- California Gov. Gavin Newsom has signed into law Senate Bill (SB) 9, a landmark law that allows for the ministerial approval of certain housing development projects containing up to two dwelling units (i.e., duplexes) on a single-family zoned parcels.
- In addition to permitting two units on a single family lot, the legislation allows qualifying lot splits to be approved ministerially (i.e., without discretionary review or hearings) pursuant to a parcel map, upon meeting a number of criteria.
- This Holland & Knight alert reviews key requirements of the new law and provides considerations to help single-family homeowners and developers understand SB 9, its qualifying criteria and implication on future projects.
California Gov. Gavin Newsom, on Sept. 16, 2021, signed into law Senate Bill (SB) 9, a landmark law that would allow for the ministerial approval of certain housing development projects containing up to two dwelling units (i.e., duplexes) on a single-family zoned parcel. The legislation, which was passed by the California Legislature on Sept. 1 and takes effect Jan. 1, 2022, would also allow for the ministerial approval of certain lot splits to allow property owners to construct up to two units on the newly created lots. Below are some steps that single-family homeowners and developers can take to understand SB 9, its qualifying criteria, and implication on future projects.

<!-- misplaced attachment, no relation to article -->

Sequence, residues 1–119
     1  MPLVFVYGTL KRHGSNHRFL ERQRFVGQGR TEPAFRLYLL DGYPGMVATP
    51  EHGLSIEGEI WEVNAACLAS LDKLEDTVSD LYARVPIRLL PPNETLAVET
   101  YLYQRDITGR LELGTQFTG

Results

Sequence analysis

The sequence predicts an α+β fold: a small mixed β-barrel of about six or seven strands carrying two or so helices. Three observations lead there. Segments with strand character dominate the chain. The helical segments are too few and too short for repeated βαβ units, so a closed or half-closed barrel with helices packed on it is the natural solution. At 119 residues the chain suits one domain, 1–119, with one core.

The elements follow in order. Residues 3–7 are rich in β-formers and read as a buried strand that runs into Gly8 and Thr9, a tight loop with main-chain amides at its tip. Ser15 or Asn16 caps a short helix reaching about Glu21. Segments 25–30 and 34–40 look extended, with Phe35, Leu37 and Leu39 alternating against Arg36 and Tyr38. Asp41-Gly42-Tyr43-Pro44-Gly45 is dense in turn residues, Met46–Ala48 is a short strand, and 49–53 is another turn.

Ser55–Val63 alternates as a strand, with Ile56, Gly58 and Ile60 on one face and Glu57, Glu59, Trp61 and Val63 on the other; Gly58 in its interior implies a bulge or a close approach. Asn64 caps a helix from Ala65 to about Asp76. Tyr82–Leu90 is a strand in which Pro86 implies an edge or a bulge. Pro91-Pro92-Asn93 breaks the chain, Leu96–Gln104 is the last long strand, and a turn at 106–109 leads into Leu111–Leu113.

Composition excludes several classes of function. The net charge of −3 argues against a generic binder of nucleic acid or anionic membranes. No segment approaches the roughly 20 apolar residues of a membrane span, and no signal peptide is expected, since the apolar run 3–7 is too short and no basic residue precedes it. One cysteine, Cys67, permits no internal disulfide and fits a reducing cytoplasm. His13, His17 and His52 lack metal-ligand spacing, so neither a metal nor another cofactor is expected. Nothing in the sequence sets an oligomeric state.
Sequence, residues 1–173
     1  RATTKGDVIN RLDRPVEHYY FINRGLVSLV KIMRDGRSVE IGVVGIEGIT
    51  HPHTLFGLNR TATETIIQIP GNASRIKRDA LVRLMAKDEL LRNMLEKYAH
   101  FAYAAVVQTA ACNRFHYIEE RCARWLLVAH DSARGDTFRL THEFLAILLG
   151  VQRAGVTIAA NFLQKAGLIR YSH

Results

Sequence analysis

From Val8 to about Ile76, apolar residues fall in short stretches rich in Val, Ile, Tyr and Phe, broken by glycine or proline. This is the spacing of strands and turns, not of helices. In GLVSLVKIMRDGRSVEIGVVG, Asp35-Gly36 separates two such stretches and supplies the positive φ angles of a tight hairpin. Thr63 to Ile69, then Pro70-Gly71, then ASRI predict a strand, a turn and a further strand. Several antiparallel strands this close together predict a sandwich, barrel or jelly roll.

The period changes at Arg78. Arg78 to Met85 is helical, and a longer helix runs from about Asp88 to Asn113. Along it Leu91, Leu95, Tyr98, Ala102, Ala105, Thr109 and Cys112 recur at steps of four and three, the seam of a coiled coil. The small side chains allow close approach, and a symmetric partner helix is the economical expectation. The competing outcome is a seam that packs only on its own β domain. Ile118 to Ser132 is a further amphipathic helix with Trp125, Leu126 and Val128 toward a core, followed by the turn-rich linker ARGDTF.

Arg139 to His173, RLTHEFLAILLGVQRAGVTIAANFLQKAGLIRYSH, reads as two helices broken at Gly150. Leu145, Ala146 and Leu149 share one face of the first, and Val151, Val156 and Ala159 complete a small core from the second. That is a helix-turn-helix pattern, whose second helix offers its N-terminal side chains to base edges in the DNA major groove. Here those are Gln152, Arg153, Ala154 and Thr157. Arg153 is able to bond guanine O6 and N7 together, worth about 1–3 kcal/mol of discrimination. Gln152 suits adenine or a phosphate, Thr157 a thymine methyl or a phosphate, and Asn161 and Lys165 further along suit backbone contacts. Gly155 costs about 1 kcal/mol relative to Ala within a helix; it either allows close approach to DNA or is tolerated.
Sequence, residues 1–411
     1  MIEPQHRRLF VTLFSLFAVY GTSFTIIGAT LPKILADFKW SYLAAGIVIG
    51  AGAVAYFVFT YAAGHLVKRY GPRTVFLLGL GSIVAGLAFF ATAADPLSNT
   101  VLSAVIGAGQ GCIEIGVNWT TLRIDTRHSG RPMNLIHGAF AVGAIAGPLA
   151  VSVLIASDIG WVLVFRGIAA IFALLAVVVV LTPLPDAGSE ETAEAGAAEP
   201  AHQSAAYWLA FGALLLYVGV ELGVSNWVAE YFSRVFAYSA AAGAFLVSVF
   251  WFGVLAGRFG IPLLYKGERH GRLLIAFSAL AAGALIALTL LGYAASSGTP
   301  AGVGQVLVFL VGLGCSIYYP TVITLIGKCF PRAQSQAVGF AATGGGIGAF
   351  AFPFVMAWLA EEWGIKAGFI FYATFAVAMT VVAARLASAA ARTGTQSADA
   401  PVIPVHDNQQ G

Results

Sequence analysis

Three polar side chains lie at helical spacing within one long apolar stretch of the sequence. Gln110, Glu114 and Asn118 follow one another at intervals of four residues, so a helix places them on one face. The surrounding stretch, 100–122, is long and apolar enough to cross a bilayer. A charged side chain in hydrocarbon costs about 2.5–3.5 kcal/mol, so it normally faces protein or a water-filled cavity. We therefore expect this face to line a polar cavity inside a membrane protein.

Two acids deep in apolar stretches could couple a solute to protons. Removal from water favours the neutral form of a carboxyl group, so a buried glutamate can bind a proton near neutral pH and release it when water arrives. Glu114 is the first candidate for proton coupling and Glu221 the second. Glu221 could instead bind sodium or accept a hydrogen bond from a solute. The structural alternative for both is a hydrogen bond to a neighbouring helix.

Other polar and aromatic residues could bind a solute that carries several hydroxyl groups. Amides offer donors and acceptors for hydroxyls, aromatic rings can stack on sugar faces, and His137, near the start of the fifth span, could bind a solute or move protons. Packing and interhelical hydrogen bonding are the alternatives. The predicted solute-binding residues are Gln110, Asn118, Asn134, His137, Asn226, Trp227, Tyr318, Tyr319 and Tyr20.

SB 9 would allow housing development projects containing no more than two dwelling units on a single-family zoned parcel to be permitted on a ministerial basis, upon satisfaction of a number of qualifying criteria that include the following:
- The project site is in a city or urbanized portion of an unincorporated county.
- The project site is not located on or in any of the following: 1) prime farmland, or farmland of statewide importance, 2) wetlands, 3) within a very high fire severity zone, 4) a hazardous waste or hazardous list site, 5) within a delineated earthquake fault zone, 6) within a 100-year flood zone, 7) within a floodway, 8) identified for conservation in an adopted natural community conservation plan, 9) habitat for protected species or 10) lands under conservation easement.
- The project site also cannot require demolition or alteration of any housing if 1) housing is restricted affordable housing, 2) subject to rent control, or 3) contains tenant occupied housing in the last three years.
- The project site cannot be withdrawn from the rental market (i.e., under the Ellis Act) within the past 15 years.
- The project does not propose demolition of more than 25 percent of the existing exterior walls unless either 1) the local ordinance allows more demolition, or 2) the site has not been occupied by a tenant in the past three years.
- The project site is not within a historic district or property included on the California Historical Resources Inventory or within a site that is designated or listed as a city or county landmark or historic property or district pursuant to a city or county ordinance.
- A local agency may impose objective zoning, subdivision and design review standards, providing such objective standards do not preclude the construction of either of the two units being less than 800 square feet in floor area.